Friday, September 13th, 2013
There are so many people out there who want so desperately to be parents but after years of trying and rounds of expensive IVF, they still have no luck getting pregnant. On the other side of the baby gate are people who’ve frozen embryos during IVF treatments in hopes of prolonging their chances of becoming parents. Often (thankfully) people are able to get pregnant without using all of their frozen embryos. As weird as it sounds, then the question becomes: “What do we do with the leftovers?”
More and more people are deciding to share their embryos with women who are having trouble conceiving. Like one Oregon couple featured in Time, who had kept their extra embryos frozen for 19 years after having twins through IVF—just in case they one day wanted to expand their family. But once their kids were in college, they decided it was never going to happen, and donated their four remaining embryos to a single woman in Virginia, who is now the proud mama to 9-month-old Liam.
More than 154,000 cycles of IVF were performed in 2011—and the number is likely to be higher for 2013. So it’s no surprise that there are currently hundreds of thousands of leftover IVF embryos in storage in the US. Mostly because it’s hard for someone to “throw out” their embryos, knowing that it has the chance of becoming a baby—even when they feel they’re past their baby-making days. So some of these embryos are frozen for years, meanwhile the couple is paying hundreds of dollars in yearly storage costs. While many decide to keep them indefinitely, others are deciding to throw them away—either because they won’t need them, or they can’t imagine having anyone else raise their biological children but them.
Obviously, having someone else use your embryos to get pregnant is not for everyone, but the new phenomenon is giving infertile couples a chance at having children, and allowing the mom the experience of childbirth—which she wouldn’t have by using a surrogate or adopting. So in the end, there’s a happy ending for everyone.
TELL US: What would you do with your leftover embryos: keep them indefinitely, dump them, or donate them?
Image of frozen embryos courtesy of Shutterstock.
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Monday, July 8th, 2013
Lots of women (and, yes, even men) have dreamt about what sort of—and how big of—a family they’ve wanted ever since they were little. Some dads want a “mini me” to throw the ball around with; others want a little girl to spoil, while moms might hope for a shopping partner to dress or a doting mama’s boy. But not all couples have to leave whether they have a boy or girl up to chance.
Did you know that the United States is one of the few countries in the world to allow parents to choose their preferred gender of baby during In Vitro Fertilization (IVF)? It’s called Pre-Implementation Genetic Diagnosis (PGD), and after enough eggs are harvested for IVF, the eggs are implanted with sperm and only three days after fertilization scientists know whether the embryos will be boys or girls. A couple chooses which sex they prefer and only the embryos of the desired sex are inserted into the uterus (of course, a couple using IVF can choose to have both male and female embryos inserted as well).
England is one of the countries that still has a ban on this type of gender selection (other than in extreme medical cases where a horrible genetic condition is only passed down to one sex). But now some doctors are speaking out in the Telegraph, saying families have a right to choose their baby’s sex regardless of their reasons.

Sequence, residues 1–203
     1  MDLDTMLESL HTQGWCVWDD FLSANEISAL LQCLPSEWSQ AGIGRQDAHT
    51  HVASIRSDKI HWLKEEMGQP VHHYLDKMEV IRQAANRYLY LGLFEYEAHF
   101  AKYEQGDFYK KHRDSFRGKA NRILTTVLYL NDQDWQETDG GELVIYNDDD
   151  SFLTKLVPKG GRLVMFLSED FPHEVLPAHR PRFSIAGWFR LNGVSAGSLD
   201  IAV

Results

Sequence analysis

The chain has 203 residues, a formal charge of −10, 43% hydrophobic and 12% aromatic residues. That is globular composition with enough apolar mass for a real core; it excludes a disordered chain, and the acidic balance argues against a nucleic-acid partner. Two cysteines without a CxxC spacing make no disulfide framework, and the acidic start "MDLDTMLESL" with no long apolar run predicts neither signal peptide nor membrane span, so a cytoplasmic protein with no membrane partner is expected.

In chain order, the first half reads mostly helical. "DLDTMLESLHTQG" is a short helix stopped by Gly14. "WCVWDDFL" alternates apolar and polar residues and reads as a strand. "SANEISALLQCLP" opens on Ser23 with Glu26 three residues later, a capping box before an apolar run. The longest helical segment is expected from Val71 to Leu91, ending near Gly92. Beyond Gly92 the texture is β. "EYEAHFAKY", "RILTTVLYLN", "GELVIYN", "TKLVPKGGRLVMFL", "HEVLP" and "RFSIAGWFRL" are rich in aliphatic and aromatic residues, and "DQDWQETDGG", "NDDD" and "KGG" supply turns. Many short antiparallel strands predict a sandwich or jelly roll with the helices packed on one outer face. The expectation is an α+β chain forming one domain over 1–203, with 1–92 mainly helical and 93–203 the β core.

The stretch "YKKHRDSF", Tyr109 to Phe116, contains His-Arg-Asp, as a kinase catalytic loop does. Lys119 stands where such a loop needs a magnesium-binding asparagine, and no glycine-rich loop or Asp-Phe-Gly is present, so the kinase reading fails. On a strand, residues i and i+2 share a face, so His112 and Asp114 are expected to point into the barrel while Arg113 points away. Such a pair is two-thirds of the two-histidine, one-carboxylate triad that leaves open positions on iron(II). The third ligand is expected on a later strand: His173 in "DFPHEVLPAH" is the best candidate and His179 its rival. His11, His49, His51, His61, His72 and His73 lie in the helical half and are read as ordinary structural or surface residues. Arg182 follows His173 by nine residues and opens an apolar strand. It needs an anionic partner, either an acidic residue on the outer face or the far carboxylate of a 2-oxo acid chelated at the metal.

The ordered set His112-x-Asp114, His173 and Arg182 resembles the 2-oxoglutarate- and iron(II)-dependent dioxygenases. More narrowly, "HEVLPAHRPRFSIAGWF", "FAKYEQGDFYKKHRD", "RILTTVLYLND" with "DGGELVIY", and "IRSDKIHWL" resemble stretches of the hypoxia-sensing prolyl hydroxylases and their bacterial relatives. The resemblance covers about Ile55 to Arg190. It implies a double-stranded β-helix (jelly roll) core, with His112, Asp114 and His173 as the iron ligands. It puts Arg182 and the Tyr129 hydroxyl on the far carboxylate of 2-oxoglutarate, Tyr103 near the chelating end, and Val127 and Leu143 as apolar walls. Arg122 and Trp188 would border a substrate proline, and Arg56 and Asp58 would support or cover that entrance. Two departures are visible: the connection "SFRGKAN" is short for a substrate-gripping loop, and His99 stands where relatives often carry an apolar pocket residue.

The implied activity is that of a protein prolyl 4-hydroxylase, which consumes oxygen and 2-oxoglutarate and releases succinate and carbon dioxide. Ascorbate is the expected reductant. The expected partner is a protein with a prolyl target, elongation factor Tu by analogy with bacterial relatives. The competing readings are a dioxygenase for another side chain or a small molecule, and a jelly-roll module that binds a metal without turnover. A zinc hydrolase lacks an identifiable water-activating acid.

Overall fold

I understand why people are scared of this sort of technology—it’s something straight out of a sci-fi movie, where a crazy dictator decides to kill off all the women to form a “superior” race. And it’s not that far from reality. If used in parts of the world where they prefer boys (like Asia), it could lead to a shortage in compatible mates. In China, where they highly favor boys, and there’s a major push to abort female babies, The State Population and Family Planning Commission has already predicted by 2020 roughly 30 million Chinese men will be unable to marry on the account of gender imbalance.
That said, if I was given the chance would I want to choose whether my second child was a boy or girl? Yes! With my first, I was one of those people who truly didn’t have a preference. I was just so happy to be pregnant that I didn’t care what came out of me as long as it was healthy. Though, I knew friends who really had their hearts set one way or the other, and they were actually devastated when they found out that they were having the opposite of what they wanted. There was actually a period of mourning for a bit before they could truly be excited about their baby again.
Now that I have an amazing son, I would love to have a girl to see the other side of the baby bond. I could finally indulge in all of those fantasies of buying an adorable pink tutu and taking my daughter out for real tea with scones after years of imaginary tea party play. I’d have someone to pass down my mom’s jewelry to, and to give advice about boys. In my dream scenario, I cut out the part about mother-daughter drama that inevitably comes with the teen years!
TELL US: If you were able to, would you choose to have a boy or girl, or would you leave it up to chance?
Image of twins courtesy of Shutterstock.
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babies, baby, Boy, Embryos, fertility, Gender Selection, Girl, In Vitro, In Vitro Fertilization, infertility, IVF, pregnancy, pregnant | Categories: